The second day of the conference began with Panel I: “Religion in the museum. Making the invisible visible”. The panel was moderated by Dr Ramona Jelinek-Menke, REDIM’s academic coordinator and a post-doctoral researcher in religious studies at the Philipps-University Marburg. The panel contributions dealt mainly with the current handling of objects and rituals in museums. They focussed on the different interpretations of these, and the way in which the distinction between emic and etic perspec-tives is increasingly blurred, thus becoming a topic increasingly ripe for academic investigation.

The contribution of Elena Romashko explained how religious artefacts are used to tell the story of the Chernobyl nuclear disaster and the subsequent radioactive contamination. Using the material religion approach, she explored the experiences of people confronted with contamination in Belarus and Ukraine after the nuclear disaster.

Prof. Peter Bräunlein presented his reflections on what he sees as newly invented museum rituals, which have developed in the course of postcolonial self-questioning and the opening of museums to a ritualised approach to objects.

Dr Mirko Roth presented the concept of “sensescape” for museum design and explored the question of what distinguishes sensescapes in museums in particular, and what role religious objects play in them.

Dr Dagmar Schweitzer de Palacios’ talk covered the case of the tõ-mombú, a ritual fighting club of the Aché, a formerly nomadic ethnic group in Paraguay. She explained how, as in this example, the complex meaning of objects in ethnographic collections can be concealed behind an unpretentious exterior.

The concluding discussion included reflections on the culture of memory in museums, as well as the linking of memory culture with political interests. Another discussion revolved around the danger of turning ‘living objects’, which are linked to rich knowledge in their context of origin, into ‘dead objects’, by exhibiting them in museums without sufficient background information. The link between materiality and visibility was examined, especially with regard to museums where one is allowed look at the things on display, but not touch them.

Panel II, “Meaning-making. Collecting and collections”, was chaired by Prof. Bärbel Beinhauer Köhler, Professor of History of Religions at the Philipps-University Marburg and project manager at REDIM. The panel dealt with the topic of museums founded or run by religious communities, collecting and collections as practices, as well as academic research on the museum as a religious place.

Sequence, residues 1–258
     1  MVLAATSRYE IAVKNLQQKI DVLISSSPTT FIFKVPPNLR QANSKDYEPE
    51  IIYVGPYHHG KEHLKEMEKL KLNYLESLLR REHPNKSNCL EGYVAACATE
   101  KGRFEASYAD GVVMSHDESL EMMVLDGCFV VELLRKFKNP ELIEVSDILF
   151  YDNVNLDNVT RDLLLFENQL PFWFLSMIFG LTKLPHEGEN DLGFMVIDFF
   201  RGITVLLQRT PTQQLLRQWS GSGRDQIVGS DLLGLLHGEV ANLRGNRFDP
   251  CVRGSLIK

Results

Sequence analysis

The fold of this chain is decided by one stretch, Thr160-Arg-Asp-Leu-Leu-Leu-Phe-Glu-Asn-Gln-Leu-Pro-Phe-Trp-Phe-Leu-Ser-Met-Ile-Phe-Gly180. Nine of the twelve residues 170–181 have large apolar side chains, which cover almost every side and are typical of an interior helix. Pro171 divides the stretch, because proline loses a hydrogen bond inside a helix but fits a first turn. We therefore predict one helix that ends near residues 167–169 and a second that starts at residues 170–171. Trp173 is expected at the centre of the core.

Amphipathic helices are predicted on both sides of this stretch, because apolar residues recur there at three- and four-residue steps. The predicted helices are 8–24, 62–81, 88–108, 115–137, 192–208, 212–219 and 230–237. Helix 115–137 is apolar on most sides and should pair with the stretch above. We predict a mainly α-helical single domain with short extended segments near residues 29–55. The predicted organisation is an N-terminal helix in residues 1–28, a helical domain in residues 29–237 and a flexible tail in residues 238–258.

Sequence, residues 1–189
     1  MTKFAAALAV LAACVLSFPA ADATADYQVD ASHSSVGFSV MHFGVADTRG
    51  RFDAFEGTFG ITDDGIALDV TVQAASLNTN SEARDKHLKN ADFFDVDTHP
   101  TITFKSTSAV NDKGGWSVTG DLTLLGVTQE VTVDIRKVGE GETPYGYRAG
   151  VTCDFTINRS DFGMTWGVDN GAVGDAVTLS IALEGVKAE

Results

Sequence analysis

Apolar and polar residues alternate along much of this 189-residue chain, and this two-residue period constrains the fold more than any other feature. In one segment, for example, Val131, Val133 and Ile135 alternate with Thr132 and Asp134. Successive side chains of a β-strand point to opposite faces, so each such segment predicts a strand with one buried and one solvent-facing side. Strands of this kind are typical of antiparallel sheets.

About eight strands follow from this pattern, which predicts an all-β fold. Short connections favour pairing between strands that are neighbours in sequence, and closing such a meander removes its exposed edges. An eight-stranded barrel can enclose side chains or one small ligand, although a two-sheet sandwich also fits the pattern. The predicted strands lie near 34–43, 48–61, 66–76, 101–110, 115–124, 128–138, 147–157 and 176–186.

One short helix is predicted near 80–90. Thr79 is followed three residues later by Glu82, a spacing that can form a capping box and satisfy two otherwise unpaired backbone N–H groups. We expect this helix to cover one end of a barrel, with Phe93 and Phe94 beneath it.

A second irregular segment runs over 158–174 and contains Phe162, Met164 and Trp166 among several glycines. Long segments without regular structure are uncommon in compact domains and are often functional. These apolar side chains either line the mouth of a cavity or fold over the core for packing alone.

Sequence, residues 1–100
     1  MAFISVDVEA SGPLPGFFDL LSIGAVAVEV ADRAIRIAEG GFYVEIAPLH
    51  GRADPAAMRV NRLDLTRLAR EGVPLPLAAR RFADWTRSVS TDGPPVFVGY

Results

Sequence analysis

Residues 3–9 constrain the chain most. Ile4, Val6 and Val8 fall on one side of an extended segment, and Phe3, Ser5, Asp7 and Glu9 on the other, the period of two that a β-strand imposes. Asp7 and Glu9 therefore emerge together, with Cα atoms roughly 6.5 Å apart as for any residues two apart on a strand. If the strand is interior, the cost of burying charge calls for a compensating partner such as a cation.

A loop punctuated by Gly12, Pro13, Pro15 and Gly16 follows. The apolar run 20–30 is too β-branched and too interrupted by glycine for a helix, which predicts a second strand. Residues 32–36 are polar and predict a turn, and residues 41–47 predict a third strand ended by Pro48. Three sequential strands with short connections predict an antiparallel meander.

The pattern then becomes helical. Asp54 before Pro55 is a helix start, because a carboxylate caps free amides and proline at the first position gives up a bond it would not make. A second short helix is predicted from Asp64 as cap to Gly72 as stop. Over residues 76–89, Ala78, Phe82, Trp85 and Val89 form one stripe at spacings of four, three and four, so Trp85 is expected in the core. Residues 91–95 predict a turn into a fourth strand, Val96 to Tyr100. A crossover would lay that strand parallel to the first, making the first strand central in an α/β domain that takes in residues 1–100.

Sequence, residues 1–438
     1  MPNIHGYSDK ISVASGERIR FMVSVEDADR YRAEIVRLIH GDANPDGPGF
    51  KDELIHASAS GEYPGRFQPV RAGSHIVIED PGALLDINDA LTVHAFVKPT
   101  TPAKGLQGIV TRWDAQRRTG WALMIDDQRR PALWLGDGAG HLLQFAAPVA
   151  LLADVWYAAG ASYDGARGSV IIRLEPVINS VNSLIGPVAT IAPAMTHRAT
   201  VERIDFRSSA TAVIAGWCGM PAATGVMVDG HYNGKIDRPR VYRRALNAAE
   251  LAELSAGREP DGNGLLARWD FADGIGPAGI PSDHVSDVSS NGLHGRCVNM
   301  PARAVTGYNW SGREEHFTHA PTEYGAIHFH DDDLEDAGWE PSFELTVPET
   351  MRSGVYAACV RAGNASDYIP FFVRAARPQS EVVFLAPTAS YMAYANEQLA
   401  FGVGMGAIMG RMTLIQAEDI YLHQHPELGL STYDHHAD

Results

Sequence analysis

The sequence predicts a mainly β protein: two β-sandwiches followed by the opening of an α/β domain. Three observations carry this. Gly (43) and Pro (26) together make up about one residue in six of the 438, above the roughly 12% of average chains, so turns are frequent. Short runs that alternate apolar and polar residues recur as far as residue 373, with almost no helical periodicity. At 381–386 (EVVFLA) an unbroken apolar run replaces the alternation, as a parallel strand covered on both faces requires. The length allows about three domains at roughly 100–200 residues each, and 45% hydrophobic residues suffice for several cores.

Tatjana Hering shared her perspective on the Hacı-Bektaş Museum in Turkey. This is a building complex that was originally built in the 13th century as a dervish hut. Although the space has been redesigned, the unique historical background of the former hut still shapes the museum dynamic today.

Dr Sara Kuehn researched the ‘Sufi Museum’ opened by the Inayati community, a religious community of the mystical Sufi denomination of Islam. She brought to the panel her insights into religious traditions in the private museum context.

Karolina Lisowski shared her experiences of art education at the Museum Rietberg in Zurich. Art education uses the objects on display as an anchor point to tell stories associated with them, often involving the senses and bodies of the participants.

Dr Ali Shahidi is currently researching an Ottoman genealogical chart from the Religious Studies Collection of the Philipps-University Marburg. He presented his findings on spiritual inheritance in Islamic Sufism, and the concept of Silsila (dynasty or chain) in genealogical scrolls.

In the discussion at the end of the panel, the use of certain terms was addressed. Terms carry with them the baggage of meaning – and in some cases the ambiguity of multiple meanings. As a result, it is particularly important to choose them very consciously and carefully in knowledge transfer processes. The intention to do justice to the objects, their contexts of origin, and their use should be at the centre of this. There was also some discussion on the role of institutions that hold power over both the form of exhibitions and the fundamental question of whether objects get displayed or hidden in storage.